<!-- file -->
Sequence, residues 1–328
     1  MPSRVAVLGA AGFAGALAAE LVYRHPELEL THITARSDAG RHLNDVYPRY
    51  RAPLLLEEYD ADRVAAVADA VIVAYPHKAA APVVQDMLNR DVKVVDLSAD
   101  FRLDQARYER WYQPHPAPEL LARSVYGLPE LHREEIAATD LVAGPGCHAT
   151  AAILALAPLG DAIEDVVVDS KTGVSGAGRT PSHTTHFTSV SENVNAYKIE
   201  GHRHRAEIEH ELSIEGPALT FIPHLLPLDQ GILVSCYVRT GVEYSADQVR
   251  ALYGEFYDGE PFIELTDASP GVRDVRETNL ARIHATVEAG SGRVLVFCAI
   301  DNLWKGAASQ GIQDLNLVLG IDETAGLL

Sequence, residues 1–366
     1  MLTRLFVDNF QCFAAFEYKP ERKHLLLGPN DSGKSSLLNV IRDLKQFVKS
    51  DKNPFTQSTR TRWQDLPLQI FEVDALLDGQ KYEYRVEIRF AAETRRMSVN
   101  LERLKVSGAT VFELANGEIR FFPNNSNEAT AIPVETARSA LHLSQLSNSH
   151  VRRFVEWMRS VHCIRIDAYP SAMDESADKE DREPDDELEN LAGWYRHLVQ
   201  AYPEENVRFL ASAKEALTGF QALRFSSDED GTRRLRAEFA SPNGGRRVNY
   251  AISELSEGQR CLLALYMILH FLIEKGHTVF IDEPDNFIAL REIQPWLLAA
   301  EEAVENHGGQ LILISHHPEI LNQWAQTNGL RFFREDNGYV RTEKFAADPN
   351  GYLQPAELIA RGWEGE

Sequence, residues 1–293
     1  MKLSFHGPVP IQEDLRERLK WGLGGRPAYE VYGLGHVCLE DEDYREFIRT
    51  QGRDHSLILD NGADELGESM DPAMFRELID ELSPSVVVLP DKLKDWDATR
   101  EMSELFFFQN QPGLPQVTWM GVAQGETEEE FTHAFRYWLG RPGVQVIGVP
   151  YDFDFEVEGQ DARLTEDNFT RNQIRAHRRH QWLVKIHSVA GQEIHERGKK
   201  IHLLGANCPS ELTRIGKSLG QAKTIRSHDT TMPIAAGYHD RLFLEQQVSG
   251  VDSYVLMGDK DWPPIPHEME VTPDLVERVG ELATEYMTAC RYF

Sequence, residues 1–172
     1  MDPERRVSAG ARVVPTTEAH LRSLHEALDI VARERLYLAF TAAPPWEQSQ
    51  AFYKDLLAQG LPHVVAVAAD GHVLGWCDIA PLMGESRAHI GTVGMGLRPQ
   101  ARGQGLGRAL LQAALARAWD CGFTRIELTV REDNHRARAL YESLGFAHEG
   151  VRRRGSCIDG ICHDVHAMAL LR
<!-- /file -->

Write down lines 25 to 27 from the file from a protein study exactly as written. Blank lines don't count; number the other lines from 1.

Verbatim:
Sequence, residues 1–172
     1  MDPERRVSAG ARVVPTTEAH LRSLHEALDI VARERLYLAF TAAPPWEQSQ
    51  AFYKDLLAQG LPHVVAVAAD GHVLGWCDIA PLMGESRAHI GTVGMGLRPQ